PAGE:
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UPDATE: It appears that all comments are being moderated, for some reason (it’s usually just new commenters that get moderated). I’m not sure why that’s happening, but I’m looking into it. As long as your comment gets into the moderation queue within a week that counts for the contest.

Another year, and another season in the books! The finale happened yesterday, there are a number of important characters who are now dead, and I’ve got a book to give away (more details on that at the end of this post!), but I first want to talk about something that happened in episode 509.

With the Sons of the Harpy closing in around her, Daenerys’s goose looked cooked, until Drogon showed up from the sky and started blasting everybody. With Drogon getting hurt (poor dragon!), Dany mounted Drogon’s back and told him, “Fly!”, and then she took off. At least, that’s what I heard when I saw it, and I didn’t question it. Later on I started hearing from people that she said something different, which I thought was weird, because it sounded and looked like “fly” to me. I dismissed it, until I saw something extremely bizarre: In the closed captioning, the word “VALAHD” had been added, as shown below:

Click to enlarge.

Click to enlarge.

I found this utterly baffling for a number of reasons. For starters, she obviously does not say “valahd”, unless it’s a French word with a silent “d” (I have accepted that she does say something “v”-like at the very least, even though I didn’t catch it in my initial viewing). Second, “valahd” is not only not a word of High Valyrian, it’s not a word in anything (or so I thought, though more on this later). It looks like gibberish and its inclusion confounded me—especially as I had some behind-the-scenes information about this scene.

Initially, I had translated the High Valyrian command “fly” for this scene, and that’s what was in the materials I sent off (the word is Sōvēs!, which you can hear in my official recording here—and, in fact, it already appeared in the series in episode 310, albeit in the plural: sōvētēs). This wasn’t a pick-up line or something added in ADR: It was a part of the script whose translations I sent off last August. For whatever reason, though, that line didn’t make it into the recording that day, and what Emilia Clarke did say was “Fly!” in English. (It happens sometimes: Scenes get busy, lots of activity, sometimes a word gets forgotten and that take turns out the best, etc.)

Many months later when they were doing ADR for that scene, they decided to try to add the High Valyrian back in. I sent the post-production folks the original line and MP3, but there was a problem: Dany’s mouth didn’t match the word sōvēs, as what she said was English “Fly!” They asked me for something shorter, so I offered Jās!, High Valyrian for “Go!”, and they said they’d try it.

Anyway, I guess that didn’t work, so we got “valahd”, and I was wondering where the heck it came from—until I found it.

Dothraki has about 4,000 words, many of which are quite obscure and would never make it into a scene (nhizokh, “raven plumage”? I mean, maybe…?). I’ve probably forgotten over half the words I created—especially as I haven’t translated into it recently. I was looking through the dictionary, though, and came across an entry I’d forgotten: valad.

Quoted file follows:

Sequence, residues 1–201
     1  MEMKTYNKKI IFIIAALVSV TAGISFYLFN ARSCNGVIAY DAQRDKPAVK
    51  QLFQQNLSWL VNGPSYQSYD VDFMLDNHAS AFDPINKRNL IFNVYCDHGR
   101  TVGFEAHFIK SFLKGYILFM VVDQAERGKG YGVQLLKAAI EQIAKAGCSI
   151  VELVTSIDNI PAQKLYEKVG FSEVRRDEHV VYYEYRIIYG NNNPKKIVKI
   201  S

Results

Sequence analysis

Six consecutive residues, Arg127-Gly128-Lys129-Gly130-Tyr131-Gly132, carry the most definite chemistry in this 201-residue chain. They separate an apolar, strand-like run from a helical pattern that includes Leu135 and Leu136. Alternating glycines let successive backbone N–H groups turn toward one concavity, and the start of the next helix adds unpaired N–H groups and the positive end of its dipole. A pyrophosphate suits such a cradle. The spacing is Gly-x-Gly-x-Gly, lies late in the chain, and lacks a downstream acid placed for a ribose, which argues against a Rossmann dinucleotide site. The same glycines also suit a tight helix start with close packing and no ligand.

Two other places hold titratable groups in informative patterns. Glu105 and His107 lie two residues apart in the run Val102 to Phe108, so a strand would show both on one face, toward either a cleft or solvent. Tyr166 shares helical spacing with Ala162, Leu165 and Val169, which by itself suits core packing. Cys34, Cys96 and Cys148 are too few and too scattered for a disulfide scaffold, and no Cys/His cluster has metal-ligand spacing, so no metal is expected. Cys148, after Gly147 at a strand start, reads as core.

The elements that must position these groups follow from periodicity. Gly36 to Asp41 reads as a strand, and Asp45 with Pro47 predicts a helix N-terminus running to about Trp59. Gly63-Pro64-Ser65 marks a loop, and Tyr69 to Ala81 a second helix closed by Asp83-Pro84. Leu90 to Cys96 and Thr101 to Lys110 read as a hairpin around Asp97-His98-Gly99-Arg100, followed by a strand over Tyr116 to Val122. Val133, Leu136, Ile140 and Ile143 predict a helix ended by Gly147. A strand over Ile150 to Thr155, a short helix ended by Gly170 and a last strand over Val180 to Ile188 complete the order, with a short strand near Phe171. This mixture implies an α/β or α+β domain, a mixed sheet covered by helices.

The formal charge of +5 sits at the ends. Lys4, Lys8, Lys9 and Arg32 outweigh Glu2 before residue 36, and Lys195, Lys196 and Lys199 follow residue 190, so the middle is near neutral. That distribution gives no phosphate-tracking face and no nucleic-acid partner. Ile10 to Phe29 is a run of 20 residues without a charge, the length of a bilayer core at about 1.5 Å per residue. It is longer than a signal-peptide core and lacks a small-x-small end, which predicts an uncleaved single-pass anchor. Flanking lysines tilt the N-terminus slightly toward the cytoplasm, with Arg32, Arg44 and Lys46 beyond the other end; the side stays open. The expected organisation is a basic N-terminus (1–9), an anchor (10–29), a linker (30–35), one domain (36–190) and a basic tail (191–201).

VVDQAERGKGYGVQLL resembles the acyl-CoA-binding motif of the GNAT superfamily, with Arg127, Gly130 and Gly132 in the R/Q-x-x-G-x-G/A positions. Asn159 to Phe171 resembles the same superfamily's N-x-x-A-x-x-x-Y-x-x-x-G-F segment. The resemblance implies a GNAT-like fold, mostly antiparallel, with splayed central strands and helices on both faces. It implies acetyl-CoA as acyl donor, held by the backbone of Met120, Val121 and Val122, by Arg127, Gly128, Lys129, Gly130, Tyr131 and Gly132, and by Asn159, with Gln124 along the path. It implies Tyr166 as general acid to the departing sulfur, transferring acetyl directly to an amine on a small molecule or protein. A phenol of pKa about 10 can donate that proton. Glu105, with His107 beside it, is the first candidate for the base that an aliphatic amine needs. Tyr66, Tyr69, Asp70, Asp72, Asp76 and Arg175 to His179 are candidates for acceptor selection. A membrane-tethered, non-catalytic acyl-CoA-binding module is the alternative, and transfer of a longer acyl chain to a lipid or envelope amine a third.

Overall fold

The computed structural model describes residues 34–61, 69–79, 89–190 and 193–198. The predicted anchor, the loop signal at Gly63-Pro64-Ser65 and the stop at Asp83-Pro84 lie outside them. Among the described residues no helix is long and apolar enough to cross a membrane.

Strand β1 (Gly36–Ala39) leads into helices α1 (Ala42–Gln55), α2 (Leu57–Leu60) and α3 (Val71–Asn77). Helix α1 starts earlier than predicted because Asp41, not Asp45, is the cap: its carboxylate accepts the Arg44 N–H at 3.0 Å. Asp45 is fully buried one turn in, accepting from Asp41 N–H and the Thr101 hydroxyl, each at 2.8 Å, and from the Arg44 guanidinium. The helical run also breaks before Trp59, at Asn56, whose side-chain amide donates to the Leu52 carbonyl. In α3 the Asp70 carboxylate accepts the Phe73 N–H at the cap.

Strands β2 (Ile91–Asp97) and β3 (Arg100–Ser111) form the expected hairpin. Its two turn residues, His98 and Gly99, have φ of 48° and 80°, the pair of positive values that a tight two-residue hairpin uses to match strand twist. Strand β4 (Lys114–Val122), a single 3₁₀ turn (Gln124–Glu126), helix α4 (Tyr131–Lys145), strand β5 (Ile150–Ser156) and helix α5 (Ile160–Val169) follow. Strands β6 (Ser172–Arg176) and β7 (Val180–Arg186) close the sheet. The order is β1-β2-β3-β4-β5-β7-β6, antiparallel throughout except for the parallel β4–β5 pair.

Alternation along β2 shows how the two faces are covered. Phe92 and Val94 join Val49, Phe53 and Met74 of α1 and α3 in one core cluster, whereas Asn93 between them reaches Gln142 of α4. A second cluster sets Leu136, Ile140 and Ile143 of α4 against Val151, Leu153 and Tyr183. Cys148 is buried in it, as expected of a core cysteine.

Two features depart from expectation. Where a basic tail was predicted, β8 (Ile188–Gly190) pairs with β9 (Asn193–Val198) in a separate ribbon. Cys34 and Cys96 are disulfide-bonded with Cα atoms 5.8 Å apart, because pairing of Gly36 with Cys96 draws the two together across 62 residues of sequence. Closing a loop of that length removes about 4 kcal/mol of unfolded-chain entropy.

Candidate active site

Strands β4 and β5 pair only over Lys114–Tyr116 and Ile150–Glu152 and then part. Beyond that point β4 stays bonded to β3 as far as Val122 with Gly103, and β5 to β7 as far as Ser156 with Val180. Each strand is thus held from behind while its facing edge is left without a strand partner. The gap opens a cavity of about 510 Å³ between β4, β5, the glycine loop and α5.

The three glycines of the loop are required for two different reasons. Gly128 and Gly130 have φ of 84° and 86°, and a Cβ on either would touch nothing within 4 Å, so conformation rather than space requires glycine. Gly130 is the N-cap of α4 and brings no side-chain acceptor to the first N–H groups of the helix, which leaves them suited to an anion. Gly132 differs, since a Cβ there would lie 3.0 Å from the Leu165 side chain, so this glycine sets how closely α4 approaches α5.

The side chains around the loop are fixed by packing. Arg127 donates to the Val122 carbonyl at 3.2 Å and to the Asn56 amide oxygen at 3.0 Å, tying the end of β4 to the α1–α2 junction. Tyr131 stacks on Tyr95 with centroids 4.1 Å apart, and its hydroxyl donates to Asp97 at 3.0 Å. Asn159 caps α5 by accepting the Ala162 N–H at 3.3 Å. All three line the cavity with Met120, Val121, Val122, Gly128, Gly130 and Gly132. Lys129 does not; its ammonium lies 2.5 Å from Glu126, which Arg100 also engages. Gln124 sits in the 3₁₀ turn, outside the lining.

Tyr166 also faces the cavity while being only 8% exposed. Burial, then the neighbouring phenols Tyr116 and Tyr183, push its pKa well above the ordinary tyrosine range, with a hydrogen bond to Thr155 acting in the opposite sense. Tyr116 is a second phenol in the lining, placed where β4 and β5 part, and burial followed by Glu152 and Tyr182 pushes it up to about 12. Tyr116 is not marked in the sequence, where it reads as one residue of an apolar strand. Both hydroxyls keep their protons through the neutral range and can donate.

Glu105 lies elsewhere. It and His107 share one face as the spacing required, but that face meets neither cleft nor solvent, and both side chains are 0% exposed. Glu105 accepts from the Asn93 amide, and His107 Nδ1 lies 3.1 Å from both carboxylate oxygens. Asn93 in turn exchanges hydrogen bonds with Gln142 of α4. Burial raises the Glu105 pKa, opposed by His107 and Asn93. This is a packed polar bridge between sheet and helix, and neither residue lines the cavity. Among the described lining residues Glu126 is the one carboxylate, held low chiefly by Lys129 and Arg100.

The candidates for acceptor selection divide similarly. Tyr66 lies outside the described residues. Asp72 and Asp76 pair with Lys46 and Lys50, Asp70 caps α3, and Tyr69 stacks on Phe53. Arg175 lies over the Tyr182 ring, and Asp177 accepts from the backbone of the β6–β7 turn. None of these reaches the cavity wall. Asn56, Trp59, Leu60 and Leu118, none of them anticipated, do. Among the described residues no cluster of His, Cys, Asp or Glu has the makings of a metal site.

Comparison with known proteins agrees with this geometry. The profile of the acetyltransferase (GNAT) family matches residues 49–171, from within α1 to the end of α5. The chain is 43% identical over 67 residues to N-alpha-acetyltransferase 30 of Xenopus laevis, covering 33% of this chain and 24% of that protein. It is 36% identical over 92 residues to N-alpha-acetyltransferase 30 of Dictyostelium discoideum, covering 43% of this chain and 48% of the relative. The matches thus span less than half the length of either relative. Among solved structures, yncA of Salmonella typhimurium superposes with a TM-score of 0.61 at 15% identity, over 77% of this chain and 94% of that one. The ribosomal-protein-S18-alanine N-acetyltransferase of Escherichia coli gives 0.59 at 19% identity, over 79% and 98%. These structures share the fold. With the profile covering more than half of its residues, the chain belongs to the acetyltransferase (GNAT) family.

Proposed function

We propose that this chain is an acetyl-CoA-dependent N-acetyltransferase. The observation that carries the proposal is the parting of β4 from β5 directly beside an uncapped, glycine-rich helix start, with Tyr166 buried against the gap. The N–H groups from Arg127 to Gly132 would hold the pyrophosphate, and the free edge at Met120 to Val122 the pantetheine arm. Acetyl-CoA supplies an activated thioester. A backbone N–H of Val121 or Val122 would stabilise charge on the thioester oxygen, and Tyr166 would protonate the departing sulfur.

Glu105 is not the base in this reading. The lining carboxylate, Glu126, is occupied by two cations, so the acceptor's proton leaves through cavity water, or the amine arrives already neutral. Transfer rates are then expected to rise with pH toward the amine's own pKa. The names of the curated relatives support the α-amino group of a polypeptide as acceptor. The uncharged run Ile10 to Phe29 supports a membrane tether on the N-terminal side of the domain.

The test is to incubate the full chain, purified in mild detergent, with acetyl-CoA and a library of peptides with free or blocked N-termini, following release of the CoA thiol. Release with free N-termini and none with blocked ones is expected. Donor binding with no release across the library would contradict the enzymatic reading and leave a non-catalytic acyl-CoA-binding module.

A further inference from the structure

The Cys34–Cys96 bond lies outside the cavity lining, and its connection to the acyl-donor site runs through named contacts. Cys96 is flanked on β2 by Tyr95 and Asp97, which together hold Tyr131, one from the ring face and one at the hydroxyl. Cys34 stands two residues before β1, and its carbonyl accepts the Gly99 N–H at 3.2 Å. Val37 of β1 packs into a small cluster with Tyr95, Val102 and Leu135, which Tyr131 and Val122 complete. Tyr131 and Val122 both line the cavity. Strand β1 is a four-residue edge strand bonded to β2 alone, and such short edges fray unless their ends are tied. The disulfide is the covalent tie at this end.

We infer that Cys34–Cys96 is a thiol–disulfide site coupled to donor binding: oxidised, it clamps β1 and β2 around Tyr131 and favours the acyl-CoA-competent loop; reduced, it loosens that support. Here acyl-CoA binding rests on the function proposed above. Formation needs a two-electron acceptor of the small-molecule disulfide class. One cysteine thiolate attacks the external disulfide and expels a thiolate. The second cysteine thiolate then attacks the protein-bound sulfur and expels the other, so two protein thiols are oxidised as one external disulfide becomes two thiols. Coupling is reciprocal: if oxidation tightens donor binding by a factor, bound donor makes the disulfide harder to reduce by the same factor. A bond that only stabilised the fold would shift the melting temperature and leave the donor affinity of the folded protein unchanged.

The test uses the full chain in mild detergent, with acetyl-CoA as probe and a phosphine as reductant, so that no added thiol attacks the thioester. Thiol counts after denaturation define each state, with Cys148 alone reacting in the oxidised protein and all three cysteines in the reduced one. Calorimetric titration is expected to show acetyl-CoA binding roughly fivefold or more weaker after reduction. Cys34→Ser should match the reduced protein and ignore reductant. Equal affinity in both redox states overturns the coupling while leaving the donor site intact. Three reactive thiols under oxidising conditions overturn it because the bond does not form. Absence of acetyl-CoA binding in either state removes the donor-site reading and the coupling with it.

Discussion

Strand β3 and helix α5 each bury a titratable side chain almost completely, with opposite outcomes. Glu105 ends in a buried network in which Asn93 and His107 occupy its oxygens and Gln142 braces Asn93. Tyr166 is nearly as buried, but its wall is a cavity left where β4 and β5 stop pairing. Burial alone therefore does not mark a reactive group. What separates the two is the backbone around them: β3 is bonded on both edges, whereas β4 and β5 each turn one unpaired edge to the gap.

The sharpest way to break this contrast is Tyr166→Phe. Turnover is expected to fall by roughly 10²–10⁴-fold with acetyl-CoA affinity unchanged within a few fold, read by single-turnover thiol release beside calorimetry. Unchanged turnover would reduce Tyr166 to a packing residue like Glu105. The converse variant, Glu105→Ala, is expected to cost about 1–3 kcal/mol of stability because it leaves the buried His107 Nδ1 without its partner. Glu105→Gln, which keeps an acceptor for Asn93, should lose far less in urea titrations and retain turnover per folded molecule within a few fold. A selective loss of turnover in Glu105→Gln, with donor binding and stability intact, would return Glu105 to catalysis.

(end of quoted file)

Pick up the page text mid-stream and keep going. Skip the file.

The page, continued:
Valad is the word for “horizon” (among other things), but I came up with it initially when I was creating a bunch of horse commands for the Dothraki. The reason is that I wanted two different words for “giddyup”. We already have hosh or hosha, which is used to urge a horse on (usually when it’s already going), but then there’s this expression: Frakhas valad! That translates to “Touch the horizon!”, and it’s used at the outset of a journey. The interesting thing is the note I added to the end of the definition, which is “often just valad“. And that makes sense: You typically don’t speak in full sentences to horses when you’re riding. Valad! is a much better horse command than Frakhas valad! But yeah, basically it’s just a word that urges the horse to get going.

Back to our “valahd”, here’s what I think happened. Everyone on the production has access to all my materials. I think they just went through and found something that fit Emilia’s mouth movements that seemed like it was close to the original meaning. And hey, if the Dothraki rode dragons, I could imagine them using Valad! to urge them to take off. And it is pretty close to “Fly!”, aside from the final d. So overall, pretty good!

Some open questions, though: Why the “h”? I’m guessing since this didn’t come from me directly, someone was trying to sound it out and spelled it that way? Works for English speakers! Why Dothraki, though, instead of Valyrian? I think it was because of the similar meanings and the mouth movements. True, the dragons are supposed to only understand High Valyrian, but I mean Drogon probably got the gist of it. Plus, he’s named after famous Dothraki speaker Khal Drogo, so maybe he’s got a little Dothraki in him. He’s probably heard Dothraki a bunch growing up, too. And what better reason to switch to Dothraki than when riding a dragon like a horse? I’m still confused as to why the closed captioning was even added. Is that usually done with the languages? Wouldn’t the subtitle that’s already there convey well enough what’s being said? Was it for foreign audiences…? I don’t know—there’s a lot I don’t know about that process. Either way, our “valahd” appears to be Dothraki valad, and it works, in context, so all’s well that ends well.